Researchers have created the first artificial digital neuron based on silicon in a laboratory, which could be implanted in a person to treat Alzheimer’s and heart disease.
A team led by scientists at the University of Bath in the UK has created the miniature low-power device to repair nerve circuits, both to repair the brain and those neurons essential to the function of the heart. Their findings, entitled “Optimal solid state neurons” were published Dec. 3 in Nature.
The solid-state neurons (SSNs) that the team created “respond nearly identically to biological neurons under stimulation,” they said in their research findings. “This approach offers a route for repairing diseased biocircuits and emulating their function with biomedical implants that can adapt to biofeedback.”
Among various experiments, the team in one example modeled the biocircuits of the respiratory and cardiac rhythms of the respiratory neuron found in a rat’s brain stem. If the respiratory and cardiac rhythms are not coupled properly through age or disease, the result could be sleep apnea and heart failure. A device like the SSN that adapts to biofeedback in the same way as respiratory neurons “may offer a much-needed therapy for heart failure…Our approach combines several breakthroughs, which open new horizons to neuromorphic engineering from programming analog computers to soft bioimplants.”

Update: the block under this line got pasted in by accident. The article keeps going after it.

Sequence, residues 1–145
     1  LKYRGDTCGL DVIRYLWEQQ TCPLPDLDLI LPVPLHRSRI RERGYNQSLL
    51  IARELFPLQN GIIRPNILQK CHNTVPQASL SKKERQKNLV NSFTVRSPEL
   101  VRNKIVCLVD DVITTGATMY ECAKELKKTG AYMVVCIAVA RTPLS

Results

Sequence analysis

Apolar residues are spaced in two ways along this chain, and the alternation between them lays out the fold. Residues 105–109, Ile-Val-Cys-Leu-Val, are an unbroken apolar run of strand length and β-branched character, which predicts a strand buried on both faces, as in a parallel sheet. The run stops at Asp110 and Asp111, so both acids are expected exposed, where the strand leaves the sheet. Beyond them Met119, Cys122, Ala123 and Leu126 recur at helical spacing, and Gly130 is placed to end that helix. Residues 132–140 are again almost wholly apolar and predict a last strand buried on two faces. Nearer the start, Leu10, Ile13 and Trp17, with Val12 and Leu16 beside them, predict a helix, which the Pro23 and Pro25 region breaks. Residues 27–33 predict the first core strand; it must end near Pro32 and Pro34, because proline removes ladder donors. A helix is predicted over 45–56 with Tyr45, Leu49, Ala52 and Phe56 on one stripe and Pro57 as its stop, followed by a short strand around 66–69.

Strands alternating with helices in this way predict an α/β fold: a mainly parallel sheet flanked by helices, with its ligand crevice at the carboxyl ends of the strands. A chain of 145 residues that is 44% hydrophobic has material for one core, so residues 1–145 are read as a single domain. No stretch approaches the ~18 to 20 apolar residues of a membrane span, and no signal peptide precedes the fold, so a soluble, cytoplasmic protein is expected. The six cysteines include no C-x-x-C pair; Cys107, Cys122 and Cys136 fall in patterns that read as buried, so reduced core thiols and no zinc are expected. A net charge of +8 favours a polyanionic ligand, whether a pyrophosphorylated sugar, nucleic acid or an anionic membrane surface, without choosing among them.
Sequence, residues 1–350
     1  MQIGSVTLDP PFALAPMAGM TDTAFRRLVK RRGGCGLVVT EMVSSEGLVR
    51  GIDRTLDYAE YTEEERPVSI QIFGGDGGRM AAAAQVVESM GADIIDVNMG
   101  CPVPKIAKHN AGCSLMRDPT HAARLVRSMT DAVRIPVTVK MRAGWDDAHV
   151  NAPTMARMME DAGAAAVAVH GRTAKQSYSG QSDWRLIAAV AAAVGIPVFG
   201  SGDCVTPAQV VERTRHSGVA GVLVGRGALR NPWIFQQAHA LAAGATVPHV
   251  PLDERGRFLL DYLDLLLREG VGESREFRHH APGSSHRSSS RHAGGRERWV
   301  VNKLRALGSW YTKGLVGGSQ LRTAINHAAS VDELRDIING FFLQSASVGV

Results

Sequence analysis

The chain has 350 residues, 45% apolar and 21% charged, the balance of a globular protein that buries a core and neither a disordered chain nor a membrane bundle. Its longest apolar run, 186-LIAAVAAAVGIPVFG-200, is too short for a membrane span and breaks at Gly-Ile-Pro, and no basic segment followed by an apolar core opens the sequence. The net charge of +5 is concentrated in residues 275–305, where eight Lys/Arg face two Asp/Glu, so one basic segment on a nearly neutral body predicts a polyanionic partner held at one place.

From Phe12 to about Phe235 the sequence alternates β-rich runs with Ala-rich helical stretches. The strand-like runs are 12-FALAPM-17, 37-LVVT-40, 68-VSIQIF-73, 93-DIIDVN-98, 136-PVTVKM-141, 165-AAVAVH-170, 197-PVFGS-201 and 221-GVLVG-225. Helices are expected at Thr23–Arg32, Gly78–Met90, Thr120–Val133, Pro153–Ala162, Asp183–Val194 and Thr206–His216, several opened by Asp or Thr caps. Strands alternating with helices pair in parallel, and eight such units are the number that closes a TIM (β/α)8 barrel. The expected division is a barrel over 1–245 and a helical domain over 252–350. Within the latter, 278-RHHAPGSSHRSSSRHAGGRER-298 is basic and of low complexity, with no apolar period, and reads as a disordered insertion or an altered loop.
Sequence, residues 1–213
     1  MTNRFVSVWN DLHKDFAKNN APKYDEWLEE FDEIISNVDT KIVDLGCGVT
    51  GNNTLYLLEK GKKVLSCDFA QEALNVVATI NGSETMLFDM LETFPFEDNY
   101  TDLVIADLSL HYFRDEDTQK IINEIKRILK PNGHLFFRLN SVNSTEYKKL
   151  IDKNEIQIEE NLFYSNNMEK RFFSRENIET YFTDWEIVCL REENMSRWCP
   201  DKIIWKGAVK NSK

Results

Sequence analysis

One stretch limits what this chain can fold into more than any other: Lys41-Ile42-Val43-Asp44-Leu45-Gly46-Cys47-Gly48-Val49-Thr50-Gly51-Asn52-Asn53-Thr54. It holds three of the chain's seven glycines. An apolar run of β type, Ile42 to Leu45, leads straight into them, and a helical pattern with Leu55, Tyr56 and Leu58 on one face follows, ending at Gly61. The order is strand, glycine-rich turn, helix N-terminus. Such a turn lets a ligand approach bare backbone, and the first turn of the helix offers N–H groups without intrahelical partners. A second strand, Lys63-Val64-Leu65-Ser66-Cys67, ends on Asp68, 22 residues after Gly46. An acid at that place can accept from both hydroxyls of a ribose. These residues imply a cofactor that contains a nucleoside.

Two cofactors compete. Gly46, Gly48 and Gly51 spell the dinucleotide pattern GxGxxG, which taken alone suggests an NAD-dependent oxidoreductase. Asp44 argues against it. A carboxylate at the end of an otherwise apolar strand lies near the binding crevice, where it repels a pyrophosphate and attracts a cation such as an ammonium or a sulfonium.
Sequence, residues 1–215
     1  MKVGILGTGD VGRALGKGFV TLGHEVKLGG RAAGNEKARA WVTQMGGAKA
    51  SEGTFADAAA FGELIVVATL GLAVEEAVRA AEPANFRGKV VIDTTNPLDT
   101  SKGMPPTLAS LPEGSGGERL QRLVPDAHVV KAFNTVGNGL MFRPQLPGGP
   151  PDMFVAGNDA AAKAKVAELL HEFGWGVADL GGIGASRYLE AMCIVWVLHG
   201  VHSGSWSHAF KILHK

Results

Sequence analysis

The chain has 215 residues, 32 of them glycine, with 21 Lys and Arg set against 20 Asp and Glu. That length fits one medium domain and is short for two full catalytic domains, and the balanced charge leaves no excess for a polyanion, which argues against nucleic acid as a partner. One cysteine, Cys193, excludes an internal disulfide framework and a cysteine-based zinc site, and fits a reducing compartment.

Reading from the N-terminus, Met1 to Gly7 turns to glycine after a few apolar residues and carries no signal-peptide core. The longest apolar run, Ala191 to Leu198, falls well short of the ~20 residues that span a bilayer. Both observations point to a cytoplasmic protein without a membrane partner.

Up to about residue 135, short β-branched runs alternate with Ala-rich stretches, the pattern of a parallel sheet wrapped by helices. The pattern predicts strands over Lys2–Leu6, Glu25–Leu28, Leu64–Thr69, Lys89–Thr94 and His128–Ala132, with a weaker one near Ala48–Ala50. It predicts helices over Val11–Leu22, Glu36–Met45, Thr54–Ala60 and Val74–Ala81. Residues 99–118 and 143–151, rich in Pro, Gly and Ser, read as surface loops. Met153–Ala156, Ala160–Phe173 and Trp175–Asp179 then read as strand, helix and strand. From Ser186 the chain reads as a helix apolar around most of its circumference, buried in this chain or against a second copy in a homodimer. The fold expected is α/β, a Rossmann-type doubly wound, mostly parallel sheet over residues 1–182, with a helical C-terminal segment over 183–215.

In conducting the research, the team relied on large data sets to average fluctuations in membrane voltage over wide time windows. “This minimizes uncertainty,” the researchers said. One of the team’s several breakthroughs was also deriving a physical model of hardware to successfully assimilate biological neurons and then making it versatile enough to deal with complex neurons in mammals.
“Until now, neurons have been like black boxes, but we have managed to open the black box and peer inside,” said Prof. Alain Nogaret from the University of Bath department of physics in Neuroscience News. “Our work is paradigm changing because it provides a robust method to reproduce the electrical properties of real neurons in minute detail.” He noted that the SSNs only need 140 nanowatts of power to function, about one-billionth of the power of a microprocessor.
The team is developing smart pacemakers that won’t only stimulate the heart to pump at a steady rate but will use neurons in real time to respond to demands placed on the heart, as occurs in nature, he said.
The research was supported by the European Union. Participants in the team included four scientists in the physics department at the University of Bath: Kamal Abu-Hassan, Joseph Taylor, Paul Morris and Alain Nogoret. They were joined by two scientists at the school of neuroscience at the University of Bristol in the UK, two scientists from the Institute of Neuroinformatics and the University of Zurich in Switzerland and a scientist from the department of physiology at the University of Auckland in New Zealand.